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Tuesday, May 16, 2017

Emirikol's Guide to Devils

You can get Emirikol's Guide to Devils here. This is a shill-y post, so put on your lanyard, hit the sales floor with me and don’t forget to upsell batteries.

This Will be Easy!

Corruption Devil by Joseph Vitale

You might remember that I wrote some guides to Hell about 6 months ago. The guides were to the Nine Hells, devils and the archdevils.

I thought to myself, “Hey, it would be cool to make a book out of this material. It could be like the 3e Fiendish Codex II, except for 5th edition!" Sounds fun!

I thought it would be really cool to try to take all of the lore from every edition and fit it into one big continuity. I wanted to explain why erinyes are so different in each edition. I wanted to come up with a cohesive backstory. I wanted to work in Erin M. Evans Brimstone Angels stuff, because it's awesome. I wanted to make a full picture of Hell, everything included.

You don't need to dig up issues of Dragon from 30 years ago. It's all right here, updated and organized and 5th edition-ized.

Then I said to myself, “This will probably take 2-3 weeks.”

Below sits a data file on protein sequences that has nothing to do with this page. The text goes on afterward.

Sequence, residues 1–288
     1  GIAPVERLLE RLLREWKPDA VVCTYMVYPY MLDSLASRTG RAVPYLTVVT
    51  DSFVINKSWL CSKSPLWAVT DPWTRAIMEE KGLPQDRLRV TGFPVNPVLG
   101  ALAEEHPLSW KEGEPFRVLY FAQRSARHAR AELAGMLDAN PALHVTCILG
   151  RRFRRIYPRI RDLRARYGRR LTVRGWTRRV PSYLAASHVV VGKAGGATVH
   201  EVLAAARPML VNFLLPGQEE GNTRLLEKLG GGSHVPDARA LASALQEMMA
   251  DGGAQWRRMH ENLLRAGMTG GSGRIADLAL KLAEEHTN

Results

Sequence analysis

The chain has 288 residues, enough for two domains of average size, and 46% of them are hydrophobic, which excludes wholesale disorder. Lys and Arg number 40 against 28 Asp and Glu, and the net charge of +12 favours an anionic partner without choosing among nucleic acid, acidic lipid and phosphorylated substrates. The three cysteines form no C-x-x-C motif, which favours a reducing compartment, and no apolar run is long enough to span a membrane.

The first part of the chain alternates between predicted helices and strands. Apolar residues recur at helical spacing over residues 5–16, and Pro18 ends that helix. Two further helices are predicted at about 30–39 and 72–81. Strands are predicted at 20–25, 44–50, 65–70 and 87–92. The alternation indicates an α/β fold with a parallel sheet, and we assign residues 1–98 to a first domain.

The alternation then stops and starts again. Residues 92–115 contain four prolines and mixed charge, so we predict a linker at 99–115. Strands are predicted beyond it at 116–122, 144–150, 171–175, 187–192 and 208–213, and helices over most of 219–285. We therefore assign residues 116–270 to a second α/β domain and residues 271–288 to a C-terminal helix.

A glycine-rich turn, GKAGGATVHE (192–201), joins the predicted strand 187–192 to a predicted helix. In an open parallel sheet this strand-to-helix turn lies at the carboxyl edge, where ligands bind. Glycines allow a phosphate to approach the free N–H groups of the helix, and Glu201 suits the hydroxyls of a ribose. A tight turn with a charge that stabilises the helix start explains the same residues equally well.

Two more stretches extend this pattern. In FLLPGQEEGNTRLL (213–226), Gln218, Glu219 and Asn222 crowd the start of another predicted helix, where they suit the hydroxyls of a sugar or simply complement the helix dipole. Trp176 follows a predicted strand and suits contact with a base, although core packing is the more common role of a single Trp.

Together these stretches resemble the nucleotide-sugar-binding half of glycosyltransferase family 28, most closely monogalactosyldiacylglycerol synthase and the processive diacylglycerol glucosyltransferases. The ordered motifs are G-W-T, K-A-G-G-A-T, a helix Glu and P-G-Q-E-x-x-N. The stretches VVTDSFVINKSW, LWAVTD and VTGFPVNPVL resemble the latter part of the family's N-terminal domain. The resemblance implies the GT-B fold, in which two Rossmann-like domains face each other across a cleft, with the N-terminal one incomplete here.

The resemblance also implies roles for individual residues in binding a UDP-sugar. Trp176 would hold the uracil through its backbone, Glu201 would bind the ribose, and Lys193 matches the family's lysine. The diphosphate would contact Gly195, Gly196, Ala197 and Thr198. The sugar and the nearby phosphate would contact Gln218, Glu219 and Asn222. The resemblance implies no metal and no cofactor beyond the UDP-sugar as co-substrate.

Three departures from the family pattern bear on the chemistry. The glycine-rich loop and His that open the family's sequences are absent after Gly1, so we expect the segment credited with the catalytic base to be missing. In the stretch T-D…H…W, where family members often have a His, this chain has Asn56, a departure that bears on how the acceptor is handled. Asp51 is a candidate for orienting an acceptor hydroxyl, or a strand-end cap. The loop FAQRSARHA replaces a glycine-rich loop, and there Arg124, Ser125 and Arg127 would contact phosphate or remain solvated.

6 months later.. it’s done. It was a lot more work than I thought. I had to drop my online games to get this done. That's horrible, because every single player was awesome and I feel like I’m losing out on a good thing. I just didn’t realize what a commitment this kind of thing is.


3rd Edition Erinyes by kagurachi

So I’m just going to talk a little a bit about what I learned about writing a D&D sourcebook.

The thing that ate up the most time was the technical stuff. Learning the arcane functions of libreoffice was maddening. You want to add page numbers? Where’s the page number button? Oh, there is none. Just click Page > Paragraph >Text Flow. Text flow! Very intuitive! So easy to figure out! Text flow, of course!

Formatting a page is very tricky. Once you’ve made a draft and you edit it, everything gets moved around and the images end up in weird places. You can anchor them to a page or a paragraph, and it makes a big difference which you choose.

I had to learn a lot and it took a long time.

Volo's Style

Hell Knight by Wendy Sian-Roberts

I did this book in the style of Volo’s Guide to Monsters. In Volo’s, two ‘famous’ D&D NPCs make comments throughout the book. I decided to do the same, but with different ‘famous’ D&D NPCs. Emirikol the Chaotic and Natasha the Dark, stepdaughter of Baba Yaga and the person who may secretly be Iggwilv the Witch-Queen.